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Lt Col Donald Nichols, USAF, Retired

Mr. Donald C. Nichols, Lt Col, USAF, Ret
M.S. Systems Analysis, 1970
Distinguished Graduate

Donald Nichols graduated from AFIT at Wright-Patterson AFB in June of 1970 with a master’s degree in Systems Analysis.  He was then assigned to the Operations Analysis office at 7th Air Force Headquarters, Tan Son Nhut AB, South Vietnam.  The mission of this office was the analysis and documentation of the air war in Southeast Asia (SEA). 

In addition to conducting analysis of weapons systems results, the office was responsible for writing and publishing “Commando Hunt Five,” the history of the air war in SEA in 1970.  In addition to writing several sections of the 450-page document along with 18 other analysts, Nichols was assigned the task of editing the final version.  When the report was finalized, he took it to the Army printing plant in Japan for printing.  Upon completion, he brought the first 10 copies back to 7th Air Force, delivered it to General Lucius D. Clay Jr., 7th AF Commander, who immediately flew with it to Washington, D.C. to present it to the Air Staff.

Gen Clay received a detailed briefing on the air war every Saturday, and Nichols was given the job of developing this briefing each week. He was the officer who interfaced with the 7th AF computer system, which contained the inputs from all the organizations within the command.  This was the source that provided most of the data for the briefing.  Nichols put together an hour-long briefing each week, and his commander, the head of the Operations Analysis office, presented the briefing to Gen Clay and his staff. This briefing covered every aspect of the air war, and as a result, Nichols became very familiar with what was going on throughout the theater of operations.  Some individuals had very boring jobs in SEA, but developing this briefing was certainly not boring.

Dr. Enzer, one of the professors at AFIT, conducted two courses in economics for Nichols’ class, and in one phase he discussed the Cobb-Douglas function.  He really liked the Cobb-Douglas!  Colonel Herman Gilster, one of the analysts in Nichols’ office at the 7th AF, was doing a special study of the air war for Gen Clay, and the basis for his analysis was the Cobb-Douglas function.  Nichols passed this information back to AFIT, and it eventually was given to Dr. Enzer who invited Col Gilster back to AFIT to discuss his work with this mathematical model and how it was used in analyzing the Air Force’s bombing effectiveness on the Ho Chi Minh trail. 

After his tour in SEA, Nichols was assigned to the Tactical Air Warfare Center (TAWC) at Eglin AFB, Florida.  One of his assignments at Eglin was in the air-delivered ground sensor program, a system that was used extensively in SEA to monitor the vehicle traffic from the North that was supporting the ground war in South Viet Nam.  Nichols was also assigned to Combat Echo, the program that had responsibility for the air-to-air missile-firing program at Eglin.  All F-4 crews and planes within TAWC would rotate into Eglin for extensive training in the air-to-air mission.  Drones would be launched out over the Gulf of Mexico from Tyndall AFB at Panama City, and the F-4 aircrews would fly intercept missions and fire AIM-9 and AIM-7 air-to-air missiles at the drones.  Not only was this excellent training for the F-4 crews, but it also allowed Nichols and his co-workers to compile statistics and compute the probability of kill for these missile types.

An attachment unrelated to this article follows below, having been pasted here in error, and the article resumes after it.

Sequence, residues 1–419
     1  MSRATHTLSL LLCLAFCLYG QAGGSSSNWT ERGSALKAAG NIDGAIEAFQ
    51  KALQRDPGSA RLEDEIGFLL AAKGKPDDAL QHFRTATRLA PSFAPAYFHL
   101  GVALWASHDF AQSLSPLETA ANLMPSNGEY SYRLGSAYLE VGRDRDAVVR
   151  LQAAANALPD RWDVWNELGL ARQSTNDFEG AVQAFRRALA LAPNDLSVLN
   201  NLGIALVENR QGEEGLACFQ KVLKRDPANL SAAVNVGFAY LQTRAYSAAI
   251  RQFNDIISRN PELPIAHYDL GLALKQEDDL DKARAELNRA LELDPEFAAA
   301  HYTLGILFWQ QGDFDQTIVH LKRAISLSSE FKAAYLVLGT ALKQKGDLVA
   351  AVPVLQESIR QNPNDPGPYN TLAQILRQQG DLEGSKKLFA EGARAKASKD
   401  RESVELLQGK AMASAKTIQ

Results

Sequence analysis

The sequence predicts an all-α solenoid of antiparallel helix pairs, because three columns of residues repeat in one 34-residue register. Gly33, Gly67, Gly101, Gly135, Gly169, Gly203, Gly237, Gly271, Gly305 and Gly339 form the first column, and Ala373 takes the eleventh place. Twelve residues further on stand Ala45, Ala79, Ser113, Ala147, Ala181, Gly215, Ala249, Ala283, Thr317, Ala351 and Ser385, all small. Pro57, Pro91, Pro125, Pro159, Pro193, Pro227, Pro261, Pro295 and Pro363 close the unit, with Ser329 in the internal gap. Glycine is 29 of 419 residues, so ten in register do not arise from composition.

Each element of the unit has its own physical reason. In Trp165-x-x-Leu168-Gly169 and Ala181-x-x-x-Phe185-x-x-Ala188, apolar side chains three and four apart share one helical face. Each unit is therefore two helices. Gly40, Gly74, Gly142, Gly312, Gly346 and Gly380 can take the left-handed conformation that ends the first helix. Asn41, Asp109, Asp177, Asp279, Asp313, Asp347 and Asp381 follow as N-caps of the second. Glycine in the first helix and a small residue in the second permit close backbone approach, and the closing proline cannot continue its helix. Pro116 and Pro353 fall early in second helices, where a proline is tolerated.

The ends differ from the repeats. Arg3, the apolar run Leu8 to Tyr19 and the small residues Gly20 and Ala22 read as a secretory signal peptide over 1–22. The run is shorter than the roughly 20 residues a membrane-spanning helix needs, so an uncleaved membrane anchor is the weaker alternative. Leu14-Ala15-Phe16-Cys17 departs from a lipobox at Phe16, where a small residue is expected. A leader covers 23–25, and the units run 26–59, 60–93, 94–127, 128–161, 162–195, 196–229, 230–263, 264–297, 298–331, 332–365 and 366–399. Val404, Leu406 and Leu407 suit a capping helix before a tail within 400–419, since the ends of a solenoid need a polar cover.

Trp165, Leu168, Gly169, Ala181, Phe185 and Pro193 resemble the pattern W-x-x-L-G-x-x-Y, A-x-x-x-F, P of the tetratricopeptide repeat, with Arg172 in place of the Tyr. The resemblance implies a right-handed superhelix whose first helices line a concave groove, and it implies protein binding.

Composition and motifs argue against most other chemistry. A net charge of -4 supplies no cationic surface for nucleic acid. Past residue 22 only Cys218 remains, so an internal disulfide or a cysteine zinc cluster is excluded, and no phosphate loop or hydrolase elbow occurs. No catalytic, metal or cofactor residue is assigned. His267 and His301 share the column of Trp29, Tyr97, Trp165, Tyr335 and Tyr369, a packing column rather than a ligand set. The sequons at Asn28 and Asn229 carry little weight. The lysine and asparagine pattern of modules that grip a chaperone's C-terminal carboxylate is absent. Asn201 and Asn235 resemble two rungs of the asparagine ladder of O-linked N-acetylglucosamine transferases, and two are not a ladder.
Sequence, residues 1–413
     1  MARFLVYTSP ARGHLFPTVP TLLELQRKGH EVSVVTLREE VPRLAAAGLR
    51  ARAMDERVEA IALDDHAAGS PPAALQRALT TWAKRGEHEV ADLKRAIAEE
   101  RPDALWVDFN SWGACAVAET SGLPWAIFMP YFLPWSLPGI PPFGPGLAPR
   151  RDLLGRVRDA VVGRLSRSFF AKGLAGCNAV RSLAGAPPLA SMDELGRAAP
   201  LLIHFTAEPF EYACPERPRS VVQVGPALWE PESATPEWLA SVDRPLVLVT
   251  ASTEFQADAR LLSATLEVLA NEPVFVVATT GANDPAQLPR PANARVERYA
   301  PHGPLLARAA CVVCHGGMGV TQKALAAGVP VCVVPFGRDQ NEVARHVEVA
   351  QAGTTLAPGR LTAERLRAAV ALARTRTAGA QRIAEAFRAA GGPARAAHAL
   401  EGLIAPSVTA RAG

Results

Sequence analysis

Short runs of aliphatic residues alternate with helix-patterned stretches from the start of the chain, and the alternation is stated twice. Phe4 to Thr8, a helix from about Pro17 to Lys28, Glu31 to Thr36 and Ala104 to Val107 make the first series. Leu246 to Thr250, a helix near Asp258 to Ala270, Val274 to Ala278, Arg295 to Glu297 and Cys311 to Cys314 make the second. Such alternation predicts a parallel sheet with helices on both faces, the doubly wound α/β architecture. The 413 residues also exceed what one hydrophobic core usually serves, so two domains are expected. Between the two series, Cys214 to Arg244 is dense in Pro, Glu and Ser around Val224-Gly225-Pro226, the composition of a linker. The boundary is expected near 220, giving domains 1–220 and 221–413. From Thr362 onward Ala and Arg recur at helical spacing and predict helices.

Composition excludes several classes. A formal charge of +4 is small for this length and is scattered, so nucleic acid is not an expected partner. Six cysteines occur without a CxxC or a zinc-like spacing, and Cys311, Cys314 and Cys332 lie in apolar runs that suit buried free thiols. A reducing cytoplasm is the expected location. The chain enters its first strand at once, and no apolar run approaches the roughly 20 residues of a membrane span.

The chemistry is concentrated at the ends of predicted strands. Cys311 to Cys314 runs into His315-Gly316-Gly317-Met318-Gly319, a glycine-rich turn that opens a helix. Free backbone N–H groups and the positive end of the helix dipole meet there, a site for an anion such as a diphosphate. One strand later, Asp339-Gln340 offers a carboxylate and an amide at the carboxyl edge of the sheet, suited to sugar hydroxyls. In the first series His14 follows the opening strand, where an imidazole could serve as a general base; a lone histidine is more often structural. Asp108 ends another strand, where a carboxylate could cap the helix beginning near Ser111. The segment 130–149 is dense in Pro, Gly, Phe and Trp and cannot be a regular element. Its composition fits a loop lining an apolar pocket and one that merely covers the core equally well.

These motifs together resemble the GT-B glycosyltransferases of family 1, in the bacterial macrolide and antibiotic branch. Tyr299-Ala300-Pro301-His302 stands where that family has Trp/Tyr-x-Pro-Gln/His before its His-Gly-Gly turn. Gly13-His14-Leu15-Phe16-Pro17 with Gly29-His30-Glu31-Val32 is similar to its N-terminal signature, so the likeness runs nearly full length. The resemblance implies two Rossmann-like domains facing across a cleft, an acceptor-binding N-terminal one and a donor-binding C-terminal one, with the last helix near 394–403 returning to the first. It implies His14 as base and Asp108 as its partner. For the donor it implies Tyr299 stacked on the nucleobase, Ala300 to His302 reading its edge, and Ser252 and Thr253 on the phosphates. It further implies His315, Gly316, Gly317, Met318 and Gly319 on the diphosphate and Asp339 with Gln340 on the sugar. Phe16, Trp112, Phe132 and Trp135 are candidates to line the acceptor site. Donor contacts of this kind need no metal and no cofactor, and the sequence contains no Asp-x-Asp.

After Eglin, Nichols was assigned to the Operations Analysis shop at Headquarters, Pacific Air Forces (PACAF), at Hickam AFB, Hawaii, in 1974.  Here, his analysis background was used in evaluating weapons systems.  Much of Nichols’ time was spent in evaluating Air Force operations in South Korea, and in 1977, General Jones, Commander in Chief, USAF, directed PACAF to develop a detailed briefing of our air capability in South Korea.  Nichols and his co-workers produced a 3-hour briefing named “Checkmate West,” which looked at our strengths and weaknesses should the USAF become involved in a second war in Korea.  Nichols was the Blue Team chief on this study, and for the next 3 years our results were briefed to the fighter units in WESTPAC, and in Washington, DC, to members of the Air Staff.  General Jones directed that all dignitaries (congressmen and flag officers) traveling to Korea stop at HQ PACAF and receive this briefing. 

Nichols retired at PACAF the last day of 1979, after 25 years of Air Force service.  He then went to work for Ling Temco Vaught (LTV), as an analyst under contract to the Navy on Ford Island in Pearl Harbor.  The Navy wanted a fighter pilot with analysis experience to work on the Commander 3rd Fleet staff.  In this capacity, Nichols developed tactics for the Navy’s F-14 fighters and spent many days out on the Pacific Fleet carriers, observing fighter operations and improving procedures for the air defense of the carrier battle groups.  Not many analysts got to go to work via boat to get to their office!  Nichols was eventually transferred to LTV’s offices in Arlington, Texas, and his division was purchased by Lockheed Martin.  In this job, he analyzed various weapons systems, including aircraft and missiles.  Nichols retired from Lockheed Martin in December of 1999, after 20 years with the company. 

Nichols says, “The last 25 years of my career were very interesting and challenging, and the opportunities I was given were in a large part due to the education and training I received while I was at AFIT.  I can’t say conducting analysis was as thrilling as flying fighters, but I certainly enjoyed all phases of my Air Force and follow-on civilian careers.”

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